The solid rear axle configuration in S197 Mustangs offers several benefits: it provides superior launch characteristics due to reduced wheel hop, simplifies maintenance and repairs due to its less complex structure, and gives an edge in drag racing because of its enhanced stability and power delivery in a straight line. However, these advantages are counterbalanced by some inherent drawbacks. The solid rear axle can lead to diminished handling capabilities, especially in cornering, as it doesn't allow for independent wheel movement. This limitation can result in compromised traction on uneven surfaces and a generally stiffer, less forgiving ride quality.

In terms of suspension setup, all S197 Mustangs, including the track-focused Boss 302, are equipped with MacPherson strut front suspension and a live rear axle supported by a three-link system. This configuration strikes a balance between performance and simplicity, catering to both the demands of performance enthusiasts and the practical considerations of everyday driving.

Ford and Iaccoca celebrated their 45th anniversary together with this car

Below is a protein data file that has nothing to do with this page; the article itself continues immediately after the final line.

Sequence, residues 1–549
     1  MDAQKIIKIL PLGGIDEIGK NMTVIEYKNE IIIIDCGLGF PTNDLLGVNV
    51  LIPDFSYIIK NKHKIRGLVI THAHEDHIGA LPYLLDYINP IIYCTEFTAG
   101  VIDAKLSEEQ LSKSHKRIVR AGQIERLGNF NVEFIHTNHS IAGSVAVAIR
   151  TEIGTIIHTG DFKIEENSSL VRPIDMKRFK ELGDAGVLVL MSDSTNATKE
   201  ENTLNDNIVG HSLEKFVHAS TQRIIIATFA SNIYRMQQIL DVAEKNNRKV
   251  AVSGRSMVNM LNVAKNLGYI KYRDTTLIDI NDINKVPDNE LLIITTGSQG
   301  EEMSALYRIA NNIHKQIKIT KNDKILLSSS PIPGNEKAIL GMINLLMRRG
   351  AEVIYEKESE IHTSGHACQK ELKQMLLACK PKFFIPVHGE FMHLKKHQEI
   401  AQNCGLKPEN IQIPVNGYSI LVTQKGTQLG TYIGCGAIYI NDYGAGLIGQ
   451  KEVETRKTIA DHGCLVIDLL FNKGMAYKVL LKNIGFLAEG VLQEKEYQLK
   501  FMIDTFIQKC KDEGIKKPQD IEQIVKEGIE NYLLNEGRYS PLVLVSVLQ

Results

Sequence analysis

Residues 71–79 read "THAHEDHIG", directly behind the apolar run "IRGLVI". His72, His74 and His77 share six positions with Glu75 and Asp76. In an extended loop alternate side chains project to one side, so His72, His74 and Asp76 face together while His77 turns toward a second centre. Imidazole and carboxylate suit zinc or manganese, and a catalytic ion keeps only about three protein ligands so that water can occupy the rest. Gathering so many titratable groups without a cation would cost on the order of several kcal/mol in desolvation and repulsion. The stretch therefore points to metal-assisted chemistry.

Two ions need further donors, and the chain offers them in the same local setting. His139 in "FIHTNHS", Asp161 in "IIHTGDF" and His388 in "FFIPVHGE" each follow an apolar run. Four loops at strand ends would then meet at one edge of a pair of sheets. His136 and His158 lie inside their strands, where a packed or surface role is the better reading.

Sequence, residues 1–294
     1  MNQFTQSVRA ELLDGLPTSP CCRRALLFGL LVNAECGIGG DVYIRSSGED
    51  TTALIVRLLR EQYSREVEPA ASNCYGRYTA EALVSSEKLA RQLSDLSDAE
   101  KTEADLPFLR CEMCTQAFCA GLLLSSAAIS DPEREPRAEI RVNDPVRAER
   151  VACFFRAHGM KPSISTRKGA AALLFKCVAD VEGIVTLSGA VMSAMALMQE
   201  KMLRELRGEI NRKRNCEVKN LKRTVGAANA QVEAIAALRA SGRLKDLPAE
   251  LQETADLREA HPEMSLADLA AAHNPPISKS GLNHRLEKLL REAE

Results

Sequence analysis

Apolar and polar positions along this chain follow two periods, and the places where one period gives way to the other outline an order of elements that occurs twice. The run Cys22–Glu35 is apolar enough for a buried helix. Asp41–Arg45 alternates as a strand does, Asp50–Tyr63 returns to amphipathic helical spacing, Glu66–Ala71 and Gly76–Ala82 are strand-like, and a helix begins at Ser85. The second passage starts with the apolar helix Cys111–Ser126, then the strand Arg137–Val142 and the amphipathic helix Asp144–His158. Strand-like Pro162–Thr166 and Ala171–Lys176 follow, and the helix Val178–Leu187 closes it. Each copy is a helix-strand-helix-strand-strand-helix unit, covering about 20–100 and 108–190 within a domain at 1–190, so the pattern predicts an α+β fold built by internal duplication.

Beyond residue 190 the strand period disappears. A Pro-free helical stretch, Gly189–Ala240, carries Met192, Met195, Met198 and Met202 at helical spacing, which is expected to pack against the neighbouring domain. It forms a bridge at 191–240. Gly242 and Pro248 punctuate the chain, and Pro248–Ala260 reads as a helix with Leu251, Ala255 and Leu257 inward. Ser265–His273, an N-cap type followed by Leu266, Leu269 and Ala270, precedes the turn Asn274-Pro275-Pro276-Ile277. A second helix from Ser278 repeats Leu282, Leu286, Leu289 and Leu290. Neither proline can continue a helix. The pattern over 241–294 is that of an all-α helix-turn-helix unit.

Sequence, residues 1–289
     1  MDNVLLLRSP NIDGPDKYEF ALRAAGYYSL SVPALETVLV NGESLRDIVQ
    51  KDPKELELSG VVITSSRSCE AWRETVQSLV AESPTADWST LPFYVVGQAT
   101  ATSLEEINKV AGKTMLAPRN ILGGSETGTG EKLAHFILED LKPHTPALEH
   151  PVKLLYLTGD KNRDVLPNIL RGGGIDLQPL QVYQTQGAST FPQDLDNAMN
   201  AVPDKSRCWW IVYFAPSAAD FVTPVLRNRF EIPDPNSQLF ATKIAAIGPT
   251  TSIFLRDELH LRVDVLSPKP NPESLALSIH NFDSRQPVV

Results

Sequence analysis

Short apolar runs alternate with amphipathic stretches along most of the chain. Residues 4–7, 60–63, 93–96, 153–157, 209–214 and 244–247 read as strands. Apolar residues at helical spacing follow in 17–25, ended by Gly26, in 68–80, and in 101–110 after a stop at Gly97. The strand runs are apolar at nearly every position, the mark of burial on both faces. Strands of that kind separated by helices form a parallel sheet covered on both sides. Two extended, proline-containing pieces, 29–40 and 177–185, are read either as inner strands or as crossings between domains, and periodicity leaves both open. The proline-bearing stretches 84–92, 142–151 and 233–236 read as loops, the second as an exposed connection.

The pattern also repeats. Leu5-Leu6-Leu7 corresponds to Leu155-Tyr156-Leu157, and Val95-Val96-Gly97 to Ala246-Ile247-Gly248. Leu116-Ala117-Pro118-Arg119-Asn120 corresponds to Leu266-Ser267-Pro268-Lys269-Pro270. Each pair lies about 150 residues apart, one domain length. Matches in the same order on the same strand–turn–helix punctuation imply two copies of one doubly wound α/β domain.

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You might find all 2009 Mustang models have a special 45th-anniversary badging near the two front wheels. That's because Ford used the 2009 Mustang to celebrate 45 years of the car's legacy. Many of the flagship cars don't get any unique power upgrades, so the badging is purely cosmetic.

However, it wasn't just Ford celebrating 45 years with the Mustang, but also Lee Iaccoca, the legendary automobile executive dubbed the Father of the Mustang. 45 Mustangs were made to commemorate this event, and these didn't just have a different look; they also had special performance boosts to back it up.

It's called the Iacocca Silver 45th Anniversary Edition Ford Mustang, and it was made with lighter aerospace materials than other Mustangs. As the name implies, the exterior is in a unique silver color, while the interior has a black finish. It came with a 320-hp or optional 400-hp (supercharged) engine, and it started selling for about $90,000.

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Everything To Know About The S197 Mustang - SlashGear (2024)